Stark County (Ohio)
Mahoning County (Ohio)
|Date of Original||April 16, 1919|
|Submitting Institution||Rodman Public Library|
|Rights||Online access is provided for research purposes only. For rights and reproduction requests or more information, go to http://www.ohiohistory.org/images/information|
|Submitting Institution||Rodman Public Library|
|File Size||31449632 Bytes|
Y0u are going to buy a home—
sometime—or Soon. Are you rtot
somewhat curious to read abou.
homes that are in the market?
THE ALLIANCE EEVIEW N
Cloudy ant colder tonight. Rain or
snow in north ant central parte.
Thnnday, fair except probably soast
near too take. Barometer, *r*..00i tem-
peratera U at II a. »■•, raining.
VOL. XXXI., NO. 215.
ALLIANCE, OHIO, WEDNESDAY, APRIL 16, 1919.
TWO CENTS—DELIVERED 12c A WEEK.
JAPS SHOT DOWN
Koreans to Bring Alleged
Outrages to Attention
of U. S.
SCORES KILLED AND
CHURCHES WRECK Eb
Allies in Complete Accord, |PR|GE OF PEACE
TO BE GIVEN TO
Terms May Not Be Announced Till Germany
Lloyd George Tells House
British Premier Tells House of Commons That "No Con
ference In History Had Been Faced With Problems
of Such Variety, Complexity, Magnitude and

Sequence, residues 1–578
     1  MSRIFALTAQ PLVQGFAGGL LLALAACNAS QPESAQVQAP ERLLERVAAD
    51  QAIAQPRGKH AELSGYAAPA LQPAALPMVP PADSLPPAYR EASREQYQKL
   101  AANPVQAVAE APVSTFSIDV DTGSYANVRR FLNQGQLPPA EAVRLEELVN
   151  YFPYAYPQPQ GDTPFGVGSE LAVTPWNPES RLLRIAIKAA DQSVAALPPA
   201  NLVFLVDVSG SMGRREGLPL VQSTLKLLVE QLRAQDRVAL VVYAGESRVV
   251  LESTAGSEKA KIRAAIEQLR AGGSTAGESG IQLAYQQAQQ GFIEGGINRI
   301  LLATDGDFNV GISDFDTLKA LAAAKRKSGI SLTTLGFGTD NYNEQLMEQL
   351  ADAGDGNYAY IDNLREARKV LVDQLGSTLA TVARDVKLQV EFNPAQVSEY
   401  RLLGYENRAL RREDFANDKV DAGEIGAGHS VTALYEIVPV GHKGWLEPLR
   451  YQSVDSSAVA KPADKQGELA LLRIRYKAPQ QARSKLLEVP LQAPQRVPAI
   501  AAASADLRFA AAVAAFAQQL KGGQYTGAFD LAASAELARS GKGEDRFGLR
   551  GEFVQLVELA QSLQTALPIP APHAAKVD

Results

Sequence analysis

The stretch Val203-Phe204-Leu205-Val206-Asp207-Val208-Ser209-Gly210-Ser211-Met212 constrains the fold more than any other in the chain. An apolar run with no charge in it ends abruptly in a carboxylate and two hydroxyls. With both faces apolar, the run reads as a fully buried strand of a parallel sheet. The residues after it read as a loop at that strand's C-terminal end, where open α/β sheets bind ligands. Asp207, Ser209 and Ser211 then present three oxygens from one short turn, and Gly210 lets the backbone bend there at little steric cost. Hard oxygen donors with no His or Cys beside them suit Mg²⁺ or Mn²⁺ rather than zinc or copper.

Young Girls Dragged Off«|
to Prison and
Shanghai, China, March 20.—(Corres-
ponrtaMa ot tha Associated Press;—
The mffrenn Insurrection announced aa
a paatlvo revolution against Japanese
rule Via he brought to the attention
ot tho ''• American government ln a
Ijjlte.of graphically written reports.
One ot these has Just been read by a
Correspondent of tha Associated Press.
It waa written by an American and
recites tee sensational events from
March 1 when the revolt began, until
Match II when tho report was started
On Ita way to the American Minister
at Peking. According to this story, the
reana who sought publicly to demonstrate thoir demands tor independence were violently treated, scores
being killed aad hundreds injured. The
report sutnmaxlxea these features of
tbe insurrection aa follows:—
"Tbe revolution began Saturday afternoon. March I, la many large clUea
in Korea And spread Ilka wildfire to
tke country. It waa well planned, the
Plotters representing all classes, A
proclamation of importance algned by
el men load previously been Issued.
Twenty-nine of these, men gathered ia
Mid on February 28 and after the
masting where tho proclamation -area
read met at a dinner party. Later they
telephoned to the police that they were-!
ready to go to Jail, whereupon the authorities took tbem to prison. -
"In nmwWf nt Pyeng Tang and other
cities where foreigners resided, tho military abstained from firing on the
crowda tat tat the rural districts violence of the most terrible description
had been practiced. Unresisting crowds
have bean fired upon, scores of persons
killed end hundreds wounded. Churchoa have bean wrecked, private homes
entered and young men and school
girls ln particular dragged off to prison
where roost ot them Nave been flogged
abd a taw held tot trial.
>-*aler* in i'yeng Xang, whsre the
Ilea I Ills ITI of tea people has b saw'much
milder than la tee